The Main Thing – James 2:14-17
James 2:14 “What good is it, my brothers, if someone says he has faith but does not have works? Can that faith save him? If a brother or sister is poorly clothed and lacking in daily food, and one of you says to them, “Go in peace, be warmed and filled,” without giving them the things needed for the body, what good is that? So also faith by itself, if it does not have works, is dead.”
These next two paragraphs have been hotly disputed in our time. It is because of this discussion of faith and works that some have rejected the book of James, or at the least claimed that James and Paul didn’t agree. The problem comes largely from the fact that these people don’t read these passages in proper context.
Remember we are still in the middle of James telling us what it looks like to live out a pure religion. He’s already reminded us we need to take care of those less fortunate and we can’t do that if we are showing partiality. In fact, when we show partiality we are working against God. James is extremely practical.
He starts and ends this paragraph with the question, “What good is it?” We don’t need to always weigh Scripture as true or false based on its practicality. There are many times with God’s way of doing things doesn’t appear to be the most practical. But James uses this to point out whether or not someone truly has faith. He is asking the question, “What good is it if someone says that they believe something (has faith) but they don’t act like it (have works)?” Great question. The obvious answer is that there is no benefit at all to this. This is not okay.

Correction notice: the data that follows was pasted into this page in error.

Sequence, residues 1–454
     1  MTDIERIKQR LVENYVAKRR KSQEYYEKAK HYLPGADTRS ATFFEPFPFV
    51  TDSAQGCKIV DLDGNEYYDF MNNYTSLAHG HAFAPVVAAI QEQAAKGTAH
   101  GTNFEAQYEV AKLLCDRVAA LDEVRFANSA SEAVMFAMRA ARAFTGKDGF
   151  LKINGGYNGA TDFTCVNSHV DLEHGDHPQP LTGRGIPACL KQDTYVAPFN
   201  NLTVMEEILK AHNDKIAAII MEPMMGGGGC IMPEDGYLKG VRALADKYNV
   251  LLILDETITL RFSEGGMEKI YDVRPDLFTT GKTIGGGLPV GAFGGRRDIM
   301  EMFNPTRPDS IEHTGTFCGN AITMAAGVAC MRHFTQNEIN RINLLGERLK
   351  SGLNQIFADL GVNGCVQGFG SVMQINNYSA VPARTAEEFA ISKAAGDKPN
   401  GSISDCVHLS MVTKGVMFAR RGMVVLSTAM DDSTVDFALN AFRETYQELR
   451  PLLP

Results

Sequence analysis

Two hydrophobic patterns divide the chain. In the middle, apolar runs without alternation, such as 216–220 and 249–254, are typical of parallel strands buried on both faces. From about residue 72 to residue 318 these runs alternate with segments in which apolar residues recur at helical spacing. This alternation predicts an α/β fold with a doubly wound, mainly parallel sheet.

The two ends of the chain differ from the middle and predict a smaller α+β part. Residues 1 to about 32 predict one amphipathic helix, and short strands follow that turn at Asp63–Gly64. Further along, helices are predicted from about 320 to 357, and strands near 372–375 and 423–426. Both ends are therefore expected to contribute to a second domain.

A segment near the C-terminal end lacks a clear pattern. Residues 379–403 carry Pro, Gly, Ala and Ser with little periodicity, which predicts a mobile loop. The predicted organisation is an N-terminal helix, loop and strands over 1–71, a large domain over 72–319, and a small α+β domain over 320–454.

To back up his point, he goes on to give a practical example to show how powerless words are to do things. If you see someone who needs food or material needs and you say to them, “Go in peace, be warmed and filled,” will that meet their needs? No way. Your words don’t accomplish anything. If you are in a position to help them with their physical needs and you say that you want to, the only way to actually prove it is by doing, by providing for them. This is his entire point. If you say that you want to help but aren’t willing to live it out, then you are disingenuous.
He ends this paragraph by offering a summary sentence to drive home his point. Just like words are useless without backing them up, so faith is dead if it isn’t backed up with action. It’s not real faith. It’s just as mighty to save as our words are. This carries over to everything he’s talked about so far, especially to our command to love each other.
Do you love others well today? Is it obvious by your actions? Are you saying that you care for people, but doing nothing about it? If so, James tells us that you are lying and that you may even be deceiving yourself.
Take an even further step back and look at your faith in Christ. Is this real faith? If you are not living out your faith in God, then you need to have some serious soul-searching to see if you really have faith.